Qualcomm has filed several patent lawsuits in China against Apple demanding licensing fees for several mobile technologies that the chip producer claims are built into iPhones. The lawsuit asks China's courts to ban iPhone sales in that nation as it pursues compensation from Apple for the alleged patent infringement.
The new lawsuits, the latest gambit in Qualcomm's protracted legal battle with Apple, were reported in an Oct. 13 story by Bloomberg. They allege that Apple is infringing on three Qualcomm patents related to power management and the Force Touch touch-screen technologies used in the phones.
The Qualcomm lawsuits seek to "ban the sale and manufacture of iPhones" in China, which could have huge implications for Apple because most of the devices are manufactured there. A majority of Apple's revenue comes from the global sales of its iconic iPhones.
Christine Trimble, a Qualcomm spokeswoman, told Bloomberg the company filed the lawsuits because "Apple employs technologies invented by Qualcomm without paying for them." The lawsuits were filed Sept. 29 in a Chinese court but have not been made public, Bloomberg's story reported.
Spokespeople from Apple and Qualcomm did not reply to email requests for comment from eWEEK.
The patented technologies allegedly being used improperly by Apple "are a few examples of the many Qualcomm technologies that Apple uses to improve its devices and increase its profits,” Trimble told Bloomberg. Both companies have been battling loudly and publicly over patents around the world since early in 2017.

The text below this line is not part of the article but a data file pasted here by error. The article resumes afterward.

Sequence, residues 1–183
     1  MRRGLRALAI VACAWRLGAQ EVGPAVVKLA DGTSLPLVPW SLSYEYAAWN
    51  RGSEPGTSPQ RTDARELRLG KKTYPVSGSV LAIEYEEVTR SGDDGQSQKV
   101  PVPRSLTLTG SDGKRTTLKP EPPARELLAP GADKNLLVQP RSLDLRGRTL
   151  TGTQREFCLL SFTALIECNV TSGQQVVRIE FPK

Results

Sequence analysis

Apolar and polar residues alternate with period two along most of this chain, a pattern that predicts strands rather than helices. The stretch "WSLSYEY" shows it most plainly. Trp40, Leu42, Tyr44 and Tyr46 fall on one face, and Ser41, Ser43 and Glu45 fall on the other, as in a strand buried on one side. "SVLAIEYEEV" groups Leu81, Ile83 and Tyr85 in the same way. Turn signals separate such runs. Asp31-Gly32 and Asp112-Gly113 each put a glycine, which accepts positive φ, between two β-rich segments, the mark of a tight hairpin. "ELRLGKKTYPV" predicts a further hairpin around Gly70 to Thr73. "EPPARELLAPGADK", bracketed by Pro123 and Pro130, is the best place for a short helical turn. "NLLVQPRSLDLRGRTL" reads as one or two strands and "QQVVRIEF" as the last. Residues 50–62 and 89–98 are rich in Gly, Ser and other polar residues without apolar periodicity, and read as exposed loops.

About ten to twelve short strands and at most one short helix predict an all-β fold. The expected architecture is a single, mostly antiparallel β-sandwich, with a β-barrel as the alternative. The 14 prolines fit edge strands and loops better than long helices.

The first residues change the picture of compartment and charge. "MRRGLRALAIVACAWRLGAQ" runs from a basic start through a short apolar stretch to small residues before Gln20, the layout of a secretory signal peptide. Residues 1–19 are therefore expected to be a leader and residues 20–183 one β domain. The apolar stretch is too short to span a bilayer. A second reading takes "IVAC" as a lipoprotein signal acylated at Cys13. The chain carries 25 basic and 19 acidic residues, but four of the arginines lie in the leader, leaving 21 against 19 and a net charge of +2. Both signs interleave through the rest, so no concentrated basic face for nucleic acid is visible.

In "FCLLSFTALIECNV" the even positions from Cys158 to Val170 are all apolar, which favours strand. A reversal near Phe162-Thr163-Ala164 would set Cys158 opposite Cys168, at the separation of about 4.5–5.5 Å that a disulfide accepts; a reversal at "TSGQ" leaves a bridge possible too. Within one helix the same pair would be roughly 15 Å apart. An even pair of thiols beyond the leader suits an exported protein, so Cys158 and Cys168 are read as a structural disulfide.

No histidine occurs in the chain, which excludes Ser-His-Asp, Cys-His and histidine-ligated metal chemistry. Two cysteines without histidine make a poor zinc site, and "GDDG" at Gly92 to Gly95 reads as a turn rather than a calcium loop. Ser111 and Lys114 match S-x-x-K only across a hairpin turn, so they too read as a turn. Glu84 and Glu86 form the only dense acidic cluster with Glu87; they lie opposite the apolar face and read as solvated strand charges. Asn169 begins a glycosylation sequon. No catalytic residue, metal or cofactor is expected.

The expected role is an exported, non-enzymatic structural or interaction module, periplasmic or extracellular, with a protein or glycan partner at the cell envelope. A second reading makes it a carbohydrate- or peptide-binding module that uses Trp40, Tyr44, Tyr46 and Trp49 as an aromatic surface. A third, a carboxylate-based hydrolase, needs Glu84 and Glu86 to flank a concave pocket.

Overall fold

In July, Qualcomm asked the International Trade Commission (ITC) to ban imports of some Apple iPhones that officials said infringe on multiple Qualcomm patents that drive performance and battery life of the devices.
The complaint to the ITC came after Apple in January filed a $1 billion lawsuit against Qualcomm over its patent licensing practices, claiming that the chip maker is using its “monopoly” position in baseband chips—a key component in mobile phones and other wireless devices—to charge costly fees and royalties and practicing “exclusionary tactics” in the market.
Both companies have a lot at stake in this legal battle. Apple just launched its latest iPhone 8, iPhone 8 Plus and iPhone X models in mid-September and counts on iPhone revenue around the world for a huge percentage of its revenue.
For Qualcomm, the battles have been affecting its corporate earnings, which have been falling. The earnings drops came after Apple sued Qualcomm in January, while also cutting off $2 billion in annual licensing payments it had previously been making to the chipmaker.
Several IT analysts told eWEEK that the fight between the two companies is one to watch closely.
"This is a big deal," Dan Olds, principal analyst at Gabriel Consulting Group, said. "This is a perfect storm for Apple—in a bad way," because its newly launched iPhones are expected to bring in lots of holiday sales revenue for Apple and that expected revenue could now be seriously endangered by Qualcomm's latest legal action.